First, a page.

PGIM Real Estate has raised at least $1.2 billion in its open-end US agriculture fund.
Materials presented in early 2022 to the Teachers Retirement System of Louisiana, which committed $50 million to the vehicle, explain the PGIM US Agriculture Fund began as a $400 million separate account with an unnamed US pension plan. The pension then contributed an additional $300 million as portions of the separate account farmland portfolio were transitioned into the open-end fund in 2018.
The materials presented to TRSL said PGIM was seeking $600 million as the assets were transitioned into the open-end vehicle.
The fund’s strategy targets net returns of 7-9 percent through direct operation of up to 25 permanent planting and row crop properties. It offers quarterly distributions and tiered annual management fees of 120 basis points on the first $100 million; 110bps on the second $100 million; 100bps on the third $100 million; and 90bps on any additional capita, according to meeting materials.
LPs in the PGIM US Agriculture Fund also include the Washington State Investment Board and the Employees’ Retirement System of State of Hawaii. Target crops for the fund, according to materials presented to WSIB, include avocadoes, hazelnuts, table grapes, pecans, cherries and nectarines.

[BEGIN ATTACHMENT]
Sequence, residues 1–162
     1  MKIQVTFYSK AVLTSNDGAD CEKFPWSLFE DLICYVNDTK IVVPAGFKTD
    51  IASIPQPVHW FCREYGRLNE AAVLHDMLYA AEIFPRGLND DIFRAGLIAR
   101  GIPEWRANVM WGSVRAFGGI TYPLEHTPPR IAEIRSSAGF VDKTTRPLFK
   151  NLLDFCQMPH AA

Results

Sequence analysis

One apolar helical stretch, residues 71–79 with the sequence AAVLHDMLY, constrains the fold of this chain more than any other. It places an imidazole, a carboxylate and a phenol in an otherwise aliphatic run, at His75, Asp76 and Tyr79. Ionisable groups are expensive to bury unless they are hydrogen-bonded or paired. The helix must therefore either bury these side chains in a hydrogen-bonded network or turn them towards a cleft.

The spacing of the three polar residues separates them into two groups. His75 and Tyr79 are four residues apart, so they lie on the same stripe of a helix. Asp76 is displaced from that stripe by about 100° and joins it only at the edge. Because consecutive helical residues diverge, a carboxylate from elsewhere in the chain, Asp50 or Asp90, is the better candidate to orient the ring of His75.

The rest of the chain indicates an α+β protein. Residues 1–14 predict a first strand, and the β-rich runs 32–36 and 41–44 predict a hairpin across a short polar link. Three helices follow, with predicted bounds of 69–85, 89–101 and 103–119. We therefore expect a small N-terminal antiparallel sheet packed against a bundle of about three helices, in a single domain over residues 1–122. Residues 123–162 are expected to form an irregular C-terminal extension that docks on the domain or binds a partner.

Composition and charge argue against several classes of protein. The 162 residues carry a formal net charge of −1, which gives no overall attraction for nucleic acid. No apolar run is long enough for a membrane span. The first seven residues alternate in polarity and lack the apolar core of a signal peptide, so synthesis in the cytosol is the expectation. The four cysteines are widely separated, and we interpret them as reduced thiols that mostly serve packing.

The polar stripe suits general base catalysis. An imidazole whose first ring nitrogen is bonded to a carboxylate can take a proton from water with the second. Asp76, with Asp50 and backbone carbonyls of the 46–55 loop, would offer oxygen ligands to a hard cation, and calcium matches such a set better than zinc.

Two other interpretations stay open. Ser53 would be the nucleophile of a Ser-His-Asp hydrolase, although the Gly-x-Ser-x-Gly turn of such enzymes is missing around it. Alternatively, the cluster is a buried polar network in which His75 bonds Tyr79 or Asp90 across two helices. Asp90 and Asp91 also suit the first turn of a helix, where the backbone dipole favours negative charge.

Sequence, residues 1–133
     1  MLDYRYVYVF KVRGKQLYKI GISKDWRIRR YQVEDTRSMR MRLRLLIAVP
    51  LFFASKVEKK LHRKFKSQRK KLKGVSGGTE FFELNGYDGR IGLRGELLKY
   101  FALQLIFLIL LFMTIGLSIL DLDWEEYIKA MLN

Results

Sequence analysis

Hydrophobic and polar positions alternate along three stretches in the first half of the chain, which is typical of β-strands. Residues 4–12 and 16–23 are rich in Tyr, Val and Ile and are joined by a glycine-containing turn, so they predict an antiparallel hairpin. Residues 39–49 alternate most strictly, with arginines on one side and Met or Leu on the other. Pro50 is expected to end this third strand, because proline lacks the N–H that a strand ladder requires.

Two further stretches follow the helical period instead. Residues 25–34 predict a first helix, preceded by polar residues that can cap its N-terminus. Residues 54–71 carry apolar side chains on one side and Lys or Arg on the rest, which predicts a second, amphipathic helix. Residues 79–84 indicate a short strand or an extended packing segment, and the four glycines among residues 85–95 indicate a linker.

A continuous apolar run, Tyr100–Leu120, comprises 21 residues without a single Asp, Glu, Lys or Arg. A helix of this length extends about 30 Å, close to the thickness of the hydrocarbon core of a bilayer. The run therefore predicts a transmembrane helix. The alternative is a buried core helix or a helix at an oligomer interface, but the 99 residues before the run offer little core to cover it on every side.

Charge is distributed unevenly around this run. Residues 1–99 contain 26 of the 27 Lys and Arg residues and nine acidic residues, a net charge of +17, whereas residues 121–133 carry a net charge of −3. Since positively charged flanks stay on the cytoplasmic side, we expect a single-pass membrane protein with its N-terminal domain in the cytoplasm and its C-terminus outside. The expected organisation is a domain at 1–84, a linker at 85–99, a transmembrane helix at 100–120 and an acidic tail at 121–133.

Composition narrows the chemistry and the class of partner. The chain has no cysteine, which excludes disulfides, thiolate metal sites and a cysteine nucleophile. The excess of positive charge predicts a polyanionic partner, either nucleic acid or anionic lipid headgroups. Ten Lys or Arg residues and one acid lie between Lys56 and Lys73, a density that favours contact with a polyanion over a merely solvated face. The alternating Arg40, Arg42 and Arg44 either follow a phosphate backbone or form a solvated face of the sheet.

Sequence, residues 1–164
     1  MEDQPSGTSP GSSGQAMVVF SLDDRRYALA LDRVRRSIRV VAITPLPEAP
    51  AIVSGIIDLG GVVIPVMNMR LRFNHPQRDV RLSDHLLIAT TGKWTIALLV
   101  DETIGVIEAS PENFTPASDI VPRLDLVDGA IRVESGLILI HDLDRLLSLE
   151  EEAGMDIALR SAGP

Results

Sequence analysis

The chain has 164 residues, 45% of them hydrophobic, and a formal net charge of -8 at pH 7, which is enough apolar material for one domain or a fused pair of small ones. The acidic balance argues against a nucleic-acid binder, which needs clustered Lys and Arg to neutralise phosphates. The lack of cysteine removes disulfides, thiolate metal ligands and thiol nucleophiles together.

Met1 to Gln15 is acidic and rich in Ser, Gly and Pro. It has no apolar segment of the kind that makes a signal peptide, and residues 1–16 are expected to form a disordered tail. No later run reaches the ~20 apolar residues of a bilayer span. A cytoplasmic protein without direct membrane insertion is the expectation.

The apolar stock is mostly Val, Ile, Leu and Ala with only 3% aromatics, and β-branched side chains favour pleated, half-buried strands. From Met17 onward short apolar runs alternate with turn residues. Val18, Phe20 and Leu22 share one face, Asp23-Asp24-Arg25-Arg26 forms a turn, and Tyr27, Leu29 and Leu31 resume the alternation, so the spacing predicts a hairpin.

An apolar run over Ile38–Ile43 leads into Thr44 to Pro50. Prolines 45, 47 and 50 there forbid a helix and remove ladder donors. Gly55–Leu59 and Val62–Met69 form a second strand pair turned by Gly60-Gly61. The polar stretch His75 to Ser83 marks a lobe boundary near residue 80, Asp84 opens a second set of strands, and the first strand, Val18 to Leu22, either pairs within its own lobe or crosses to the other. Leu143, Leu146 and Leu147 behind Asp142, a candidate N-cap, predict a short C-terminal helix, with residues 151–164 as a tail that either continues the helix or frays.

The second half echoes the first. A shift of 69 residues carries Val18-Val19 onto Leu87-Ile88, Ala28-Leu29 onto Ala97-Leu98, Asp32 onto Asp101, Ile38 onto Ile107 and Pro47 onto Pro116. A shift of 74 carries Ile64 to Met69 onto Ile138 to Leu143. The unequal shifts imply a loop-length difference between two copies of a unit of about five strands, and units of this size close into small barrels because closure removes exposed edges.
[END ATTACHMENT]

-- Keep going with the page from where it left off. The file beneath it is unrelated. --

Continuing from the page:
MassPRIM materials presented at the time of the pension’s $500 million commitment to PGIM in early 2020 describe the firm’s focus on permanent crops across a portfolio of about 130,000 acres devoted to permanent crops, including almonds, pistachios, oranges, lemons and others.
In February, PGIM acquired a 3,597-acre farmland property in California from NASDAQ-listed citrus provider Limoneira Company for $100 million. The deal included a five-year agreement for Limoneira to provide packing, marketing and selling services for lemons harvested from the property.
In a sector overview published in May, PGIM described a global market marked by “tensions and opportunities related to ESG.” The report drew on expertise across PGIM’s wider network of asset managers active in fixed income, equity, real estate and private alternatives, and included explorations of slowing demand for alternative proteins and growing attention to food safety in developing markets.
The report also highlighted conventional meat and US cold storage real estate as compelling opportunities.
In late September, PGIM reportedly helped finance the acquisition of a 2,411-acre California farmland property by Peri & Sons Farms, a onion farming operation headquartered in Yerington, Nevada.